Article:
Ah, books. My one true love in life. There seems to be a book that I can neatly attach to every stage of my life. Whether it be having Dr. Suess’s Green Eggs and Ham read to me in class as a six-year old while I sit braiding the hair of the girl in front of on the carpet, or laying in a hammock at a friend’s cottage one summer at age 11 or 12 reading Judy Bloom’s Summer Sisters and thinking how much the character Vic reminds me of myself.
There were books that changed my life in high school and made me want to study philosophy, like Sophie’s World by Jostein Gaarder, or classics such as George Orwell’s 1984 that inform my views of politics and government today.
There were books for entertainment, books for education and books for escape.
But for the last year of my life, there were no books at all.
One year ago today, on September 20, 2012, after 10 months of feeling terribly ill and seeing doctor after doctor and having test after test performed on me, I was diagnosed with Hodgkin’s Lymphoma, a form of blood cancer. At just 24 years old I was completely overwhelmed with this diagnosis.
So I left my job and my life in Ottawa and returned home to Toronto for the support of my family and friends and to receive treatment, which began in November. Those months were a whirlwind of learning about my illness, meeting with new doctors and dealing with the new reality of having cancer.
With all the new found free time on my hands, and feeling pretty lonely, I thought to myself, ‘well at least I’ll do some reading.’ ‘Yeah, it won’t be so bad. I’ll finally get to all those books I’ve been meaning to read and haven’t had time for.’
Boy, was I wrong.
There would be no book to get me through this stage of my life, no escape and no comfort to be found in those binded spines that lay lifeless on the shelf.
Little did I know what plans chemotherapy had for me and my bibliophile brain.
I went through six cycles, and six months of ABVD chemotherapy. The A, B, V and D stand for the four different drugs I received intravenously every two weeks at the hospital.
These drugs made me tired, tired beyond belief, but often unable to sleep. My brain felt foggy and I started forgetting simple words for things, or people’s names that I had know for a long time.
Reading was simply out of the question, and that was a devastating realization.
I would try to pick up a book, but get a few sentences in and realize I hadn’t absorbed anything I’d just read. I reverted to magazines and tabloids that friends would bring over, but found even they were too difficult to concentrate on.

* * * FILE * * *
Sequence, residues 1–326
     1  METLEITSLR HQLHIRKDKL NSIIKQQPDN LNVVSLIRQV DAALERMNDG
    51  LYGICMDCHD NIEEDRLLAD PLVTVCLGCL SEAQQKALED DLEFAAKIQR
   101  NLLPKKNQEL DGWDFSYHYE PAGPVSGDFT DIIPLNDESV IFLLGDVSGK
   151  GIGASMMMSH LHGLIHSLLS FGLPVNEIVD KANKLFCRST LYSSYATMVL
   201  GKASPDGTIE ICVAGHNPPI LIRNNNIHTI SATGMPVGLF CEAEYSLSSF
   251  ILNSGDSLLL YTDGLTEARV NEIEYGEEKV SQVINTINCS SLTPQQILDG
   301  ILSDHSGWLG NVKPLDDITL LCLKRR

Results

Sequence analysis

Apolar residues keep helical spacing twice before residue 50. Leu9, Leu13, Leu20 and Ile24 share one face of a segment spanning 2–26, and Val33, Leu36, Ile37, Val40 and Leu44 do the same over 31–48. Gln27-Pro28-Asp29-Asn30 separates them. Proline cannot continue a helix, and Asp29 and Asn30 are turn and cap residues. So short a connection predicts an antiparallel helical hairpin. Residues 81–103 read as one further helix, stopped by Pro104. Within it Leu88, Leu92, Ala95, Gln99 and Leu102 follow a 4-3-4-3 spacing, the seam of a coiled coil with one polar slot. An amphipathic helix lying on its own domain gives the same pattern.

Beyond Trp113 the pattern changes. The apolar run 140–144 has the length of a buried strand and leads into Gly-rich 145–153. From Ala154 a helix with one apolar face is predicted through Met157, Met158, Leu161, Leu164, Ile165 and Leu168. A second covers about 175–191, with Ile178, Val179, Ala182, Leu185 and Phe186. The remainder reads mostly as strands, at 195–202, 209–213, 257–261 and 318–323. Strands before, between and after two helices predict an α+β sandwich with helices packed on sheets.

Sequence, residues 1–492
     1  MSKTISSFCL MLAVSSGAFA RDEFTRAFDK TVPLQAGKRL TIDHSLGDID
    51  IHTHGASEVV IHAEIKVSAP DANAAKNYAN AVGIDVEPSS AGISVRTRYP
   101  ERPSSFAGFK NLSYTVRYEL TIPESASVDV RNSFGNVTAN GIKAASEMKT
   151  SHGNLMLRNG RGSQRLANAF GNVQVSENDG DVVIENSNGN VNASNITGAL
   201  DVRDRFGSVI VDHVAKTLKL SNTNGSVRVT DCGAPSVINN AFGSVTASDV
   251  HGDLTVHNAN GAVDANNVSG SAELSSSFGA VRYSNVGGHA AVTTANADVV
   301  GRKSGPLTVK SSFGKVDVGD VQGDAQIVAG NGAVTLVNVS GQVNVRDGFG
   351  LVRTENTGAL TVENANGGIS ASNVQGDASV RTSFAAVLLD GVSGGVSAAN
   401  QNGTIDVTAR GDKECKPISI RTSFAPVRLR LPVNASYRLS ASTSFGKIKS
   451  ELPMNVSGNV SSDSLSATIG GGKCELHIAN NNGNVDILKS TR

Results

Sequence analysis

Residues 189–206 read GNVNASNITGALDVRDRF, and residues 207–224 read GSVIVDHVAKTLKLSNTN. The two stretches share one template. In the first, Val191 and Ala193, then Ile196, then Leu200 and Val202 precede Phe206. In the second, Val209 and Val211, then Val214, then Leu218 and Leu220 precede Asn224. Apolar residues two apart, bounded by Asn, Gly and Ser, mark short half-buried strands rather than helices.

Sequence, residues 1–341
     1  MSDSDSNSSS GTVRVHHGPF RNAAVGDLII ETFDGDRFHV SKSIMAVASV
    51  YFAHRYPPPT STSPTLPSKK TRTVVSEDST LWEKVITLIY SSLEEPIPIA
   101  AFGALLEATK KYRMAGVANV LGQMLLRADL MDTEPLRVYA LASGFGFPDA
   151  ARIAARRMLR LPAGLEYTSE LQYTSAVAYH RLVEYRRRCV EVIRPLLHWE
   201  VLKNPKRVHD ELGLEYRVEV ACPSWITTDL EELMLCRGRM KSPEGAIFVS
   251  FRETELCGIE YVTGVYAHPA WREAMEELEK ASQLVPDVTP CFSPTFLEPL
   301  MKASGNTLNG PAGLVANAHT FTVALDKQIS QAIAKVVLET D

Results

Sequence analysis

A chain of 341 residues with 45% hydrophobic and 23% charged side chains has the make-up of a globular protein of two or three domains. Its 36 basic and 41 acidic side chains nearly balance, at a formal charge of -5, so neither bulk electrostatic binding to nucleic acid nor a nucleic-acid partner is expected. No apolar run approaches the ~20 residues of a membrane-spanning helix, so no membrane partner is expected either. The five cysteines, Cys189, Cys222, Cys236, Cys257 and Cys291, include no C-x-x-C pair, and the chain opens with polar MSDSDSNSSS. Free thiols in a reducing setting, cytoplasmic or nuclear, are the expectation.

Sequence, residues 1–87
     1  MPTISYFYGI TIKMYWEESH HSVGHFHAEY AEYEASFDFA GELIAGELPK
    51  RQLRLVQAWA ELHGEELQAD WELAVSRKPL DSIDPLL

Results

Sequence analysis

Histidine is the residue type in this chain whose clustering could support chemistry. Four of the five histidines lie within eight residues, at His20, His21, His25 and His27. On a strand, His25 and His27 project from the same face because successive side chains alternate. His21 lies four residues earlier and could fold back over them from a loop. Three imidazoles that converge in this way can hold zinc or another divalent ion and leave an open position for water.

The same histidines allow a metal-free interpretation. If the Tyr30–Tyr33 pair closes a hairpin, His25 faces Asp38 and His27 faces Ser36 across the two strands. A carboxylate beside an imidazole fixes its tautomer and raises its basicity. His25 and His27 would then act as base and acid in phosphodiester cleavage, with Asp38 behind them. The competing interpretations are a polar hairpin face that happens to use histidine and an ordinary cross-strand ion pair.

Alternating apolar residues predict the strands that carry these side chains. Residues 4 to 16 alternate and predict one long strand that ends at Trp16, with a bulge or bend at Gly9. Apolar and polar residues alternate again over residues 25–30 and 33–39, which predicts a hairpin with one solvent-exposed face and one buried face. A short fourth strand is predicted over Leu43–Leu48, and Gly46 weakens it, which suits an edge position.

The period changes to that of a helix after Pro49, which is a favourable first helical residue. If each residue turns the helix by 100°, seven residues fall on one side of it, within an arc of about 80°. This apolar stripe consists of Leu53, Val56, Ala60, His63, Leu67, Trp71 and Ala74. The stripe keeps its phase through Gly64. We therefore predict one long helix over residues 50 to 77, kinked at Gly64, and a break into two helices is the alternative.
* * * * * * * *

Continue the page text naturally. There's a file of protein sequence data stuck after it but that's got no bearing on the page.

People have talked to me about feeling the same way, about going through phases where they just don’t feel like reading very much or are too distracted to get into a good book.
Well, my problem wasn’t that I didn’t feel like reading, and it certainly wasn’t that I was too distracted. I actually couldn’t read.
And all the while, a fear was planted deep in my heart. How long was this going to last? Would I ever be able to read again? I’m a journalist by training and a writer at heart and the idea that I might never again be able to sit down and get through a whole book or pick up The Globe and Mail on a Monday morning at work just terrified me.
My family and my doctors told me to be patient. They said the effects of the illness and the treatment wouldn’t last forever.
And so I waited. And one day, I found myself picking up The Great Gatsby and getting through not just one page, but many. It wasn’t easy, not at first, but slowly I began to read again. And with each novel I finished, I grew more confident; more self-assured.
This cancer wasn’t going to take my life away from me and it was no longer going to deprive me of the things in life that I loved. I was going to get better and I was going to read books and go back to work. I would feel healthy and one day I’d wake up and be happy and have this whole cancer thing just be a distant memory.
And that brings me to today. I’m in remission and I’ve moved back to Ottawa and have started working again.
When I got back to the city I sent a message to Julia to see if she had any openings in her book club. I knew of the “Unputdownable” Book Club for a long time. It’s kind of famous among Carleton Journalism grads and I’d been following her blogs for years.
And lo and behold, there was room for a new member.
At my first meeting I was nervous. None of these people around me knew what kind of a year I’d had. But we all share something in common. We all have a similar love of books and passion for reading and I quickly learned how wonderful and welcoming this extraordinary group of women really is.
So now you know why I joined the UBC. I joined to meet new friends. I joined to return to some sense of normalcy after a year of living hell. But most importantly, I joined to get back my love of reading, a love that has stayed with me through some terrible challenges, and a love I hope I never have to fight for again.